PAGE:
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Cynthia Clark | August 8, 2013

Customers Caught in TWC-CBS Fight


TWC image2.jpgCustomers have high expectations. But sometimes they just expect what they were promised, what they are, after all, paying for. What customers certainly don't want is to be caught in the middle between two companies.

But that's what happened to around 3 million Time Warner Cable customers in New York, Los Angeles, and Dallas as the cable company blacked out CBS, leaving paying subscribers without a number of CBS-owned and managed channels, including Showtime, which airs the popular Sunday evening shows Dexter and Ray Donovan.

I'm one of the impacted customers and found out on Sunday when my husband changed the channel to Showtime and we were faced with this notice:


The problem revolves around transmission fees. But do customers care? After all, when they signed on for Time Warner, the expectation was for a number of channels to be available. As The New York Times notes "people don't like to be told they can't watch CBS because Time Warner Cable doesn't want them to."

Time Warner is offering customers alternate channels "on a temporary basis." But even that isn't available in all areas. Even then, it's not what customers expect. It's like ordering a steak at a restaurant and being served a hamburger--it might still be good but not what you ordered.

When Time Warner recommended that customers sign up for Aereo, an $8 monthly service that allows customers to stream live broadcast television on Internet-connected devices, it felt like the cable company was rubbing salt into the wound. Even though Aereo offers the first month for free, it feels like Time Warner is telling customers to pay more for something that should be offered by the cable provider.

While negotiations are still underway between Time Warner and CBS, customers have been left stewing. And we might be losing more channels as, according to the New York Daily News, Time Warner posted a legal notice in newspapers saying that its deals with more than 50 channels are due to expire, and the company might have to "cease carriage of one or more of these....stations in the near future."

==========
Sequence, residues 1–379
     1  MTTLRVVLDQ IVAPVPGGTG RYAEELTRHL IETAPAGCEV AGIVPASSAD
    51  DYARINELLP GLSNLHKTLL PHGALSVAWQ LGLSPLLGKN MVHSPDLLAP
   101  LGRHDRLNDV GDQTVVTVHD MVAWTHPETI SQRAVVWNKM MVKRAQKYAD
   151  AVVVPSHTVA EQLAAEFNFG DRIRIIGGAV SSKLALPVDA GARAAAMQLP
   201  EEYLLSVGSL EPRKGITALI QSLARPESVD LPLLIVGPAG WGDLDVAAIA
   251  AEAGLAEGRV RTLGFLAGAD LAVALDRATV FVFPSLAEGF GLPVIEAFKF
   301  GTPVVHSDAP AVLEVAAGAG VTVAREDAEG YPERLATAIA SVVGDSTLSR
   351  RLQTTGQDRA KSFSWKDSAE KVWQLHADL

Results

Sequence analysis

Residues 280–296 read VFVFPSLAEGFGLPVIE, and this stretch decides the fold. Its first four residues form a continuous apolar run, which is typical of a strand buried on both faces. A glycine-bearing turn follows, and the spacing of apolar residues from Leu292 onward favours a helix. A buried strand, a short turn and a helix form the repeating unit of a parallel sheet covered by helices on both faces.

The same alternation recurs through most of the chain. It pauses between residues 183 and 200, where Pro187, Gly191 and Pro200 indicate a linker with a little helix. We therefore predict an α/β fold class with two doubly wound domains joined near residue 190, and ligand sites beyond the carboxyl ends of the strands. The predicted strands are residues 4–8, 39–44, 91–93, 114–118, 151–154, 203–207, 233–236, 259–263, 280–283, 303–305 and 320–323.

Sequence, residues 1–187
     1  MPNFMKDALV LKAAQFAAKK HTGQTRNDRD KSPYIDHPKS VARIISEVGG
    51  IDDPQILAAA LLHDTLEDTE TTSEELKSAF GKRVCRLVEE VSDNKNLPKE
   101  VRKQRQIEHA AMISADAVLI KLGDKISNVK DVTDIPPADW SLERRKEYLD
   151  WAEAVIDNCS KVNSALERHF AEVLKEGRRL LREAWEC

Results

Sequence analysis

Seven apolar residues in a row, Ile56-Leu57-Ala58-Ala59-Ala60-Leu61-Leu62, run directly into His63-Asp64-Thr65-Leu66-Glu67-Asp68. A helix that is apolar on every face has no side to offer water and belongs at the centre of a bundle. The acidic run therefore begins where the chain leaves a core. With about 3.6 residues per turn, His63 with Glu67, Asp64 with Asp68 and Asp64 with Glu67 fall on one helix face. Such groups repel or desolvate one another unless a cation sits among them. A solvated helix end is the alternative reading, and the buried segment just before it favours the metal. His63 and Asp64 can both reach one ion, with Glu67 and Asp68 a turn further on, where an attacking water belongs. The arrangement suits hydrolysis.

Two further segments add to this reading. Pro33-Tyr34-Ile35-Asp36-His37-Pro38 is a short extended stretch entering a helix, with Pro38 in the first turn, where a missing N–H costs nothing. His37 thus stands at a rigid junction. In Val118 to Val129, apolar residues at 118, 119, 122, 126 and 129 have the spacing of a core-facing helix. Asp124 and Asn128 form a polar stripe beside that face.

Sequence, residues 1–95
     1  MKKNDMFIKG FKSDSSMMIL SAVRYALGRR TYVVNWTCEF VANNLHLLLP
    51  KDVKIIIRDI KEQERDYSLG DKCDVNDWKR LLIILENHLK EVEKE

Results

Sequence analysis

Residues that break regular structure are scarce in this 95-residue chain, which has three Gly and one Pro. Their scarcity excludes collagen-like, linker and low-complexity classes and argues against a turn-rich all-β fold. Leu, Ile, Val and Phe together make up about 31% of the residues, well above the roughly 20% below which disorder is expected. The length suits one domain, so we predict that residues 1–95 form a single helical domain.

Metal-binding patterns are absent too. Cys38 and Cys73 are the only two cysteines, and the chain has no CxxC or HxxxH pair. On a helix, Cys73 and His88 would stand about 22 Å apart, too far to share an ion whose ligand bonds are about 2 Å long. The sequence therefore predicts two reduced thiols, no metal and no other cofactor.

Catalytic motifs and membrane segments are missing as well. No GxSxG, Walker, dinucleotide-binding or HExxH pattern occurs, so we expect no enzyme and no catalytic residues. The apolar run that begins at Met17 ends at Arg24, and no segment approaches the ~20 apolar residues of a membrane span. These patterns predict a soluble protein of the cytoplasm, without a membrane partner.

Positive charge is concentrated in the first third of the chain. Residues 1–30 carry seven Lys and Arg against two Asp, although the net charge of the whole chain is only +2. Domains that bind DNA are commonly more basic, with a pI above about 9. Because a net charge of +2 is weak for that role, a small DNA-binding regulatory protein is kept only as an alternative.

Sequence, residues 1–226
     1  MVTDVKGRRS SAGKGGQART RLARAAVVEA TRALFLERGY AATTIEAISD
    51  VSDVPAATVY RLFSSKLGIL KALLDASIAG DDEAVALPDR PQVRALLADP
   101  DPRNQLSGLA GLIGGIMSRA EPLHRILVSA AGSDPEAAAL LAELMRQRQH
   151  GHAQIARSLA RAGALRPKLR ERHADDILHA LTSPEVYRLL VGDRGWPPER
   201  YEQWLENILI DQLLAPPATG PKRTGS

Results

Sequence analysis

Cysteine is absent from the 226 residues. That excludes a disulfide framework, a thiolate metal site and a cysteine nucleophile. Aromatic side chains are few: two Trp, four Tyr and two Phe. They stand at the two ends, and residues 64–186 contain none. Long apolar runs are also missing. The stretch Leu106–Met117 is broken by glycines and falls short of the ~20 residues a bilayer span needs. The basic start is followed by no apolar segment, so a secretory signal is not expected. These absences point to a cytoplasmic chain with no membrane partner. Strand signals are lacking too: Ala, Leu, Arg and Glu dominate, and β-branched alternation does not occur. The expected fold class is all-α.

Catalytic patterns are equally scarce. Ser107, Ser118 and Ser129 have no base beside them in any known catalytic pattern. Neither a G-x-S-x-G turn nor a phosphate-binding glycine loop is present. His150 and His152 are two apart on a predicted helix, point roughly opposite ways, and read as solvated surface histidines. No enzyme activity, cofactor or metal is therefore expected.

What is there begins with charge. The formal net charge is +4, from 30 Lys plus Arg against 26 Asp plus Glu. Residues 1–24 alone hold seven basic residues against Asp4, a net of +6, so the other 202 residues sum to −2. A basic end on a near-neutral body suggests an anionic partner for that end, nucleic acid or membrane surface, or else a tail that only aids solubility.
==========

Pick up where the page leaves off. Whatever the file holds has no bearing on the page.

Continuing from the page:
For me personally, this comes at a time when my patience with Time Warner is already being tested. Our Internet connection, which is also provided by Time Warner, has been spotty over the past weeks, dropping numerous times during a single day. Two technicians have been sent to check whether the problem is coming from our system, only to find nothing wrong. Both times we were told that construction in the neighborhood is impacting the connection and Time Warner, which I have to say is very efficient on Twitter, promised to "adjust our bill to reflect the down time" once the issue is resolved.

Until it is, I'm left paying a hefty monthly bill for Internet and television but not getting what I was expecting. I'm actually regretting not taking my husband's suggestion to switch to another provider that serves our building when we first experienced Internet problems several months ago. Others impacted by the CBS blackout might be thinking about doing the same, so Time Warner needs to find a proper solution at the earliest.

The bottom line is that customers shouldn't be caught in the middle of an argument between two companies, especially when they're paying for a service. This isn't simply about missing a favorite show--it's about customers knowing that the companies they do business with live up to their expectations.


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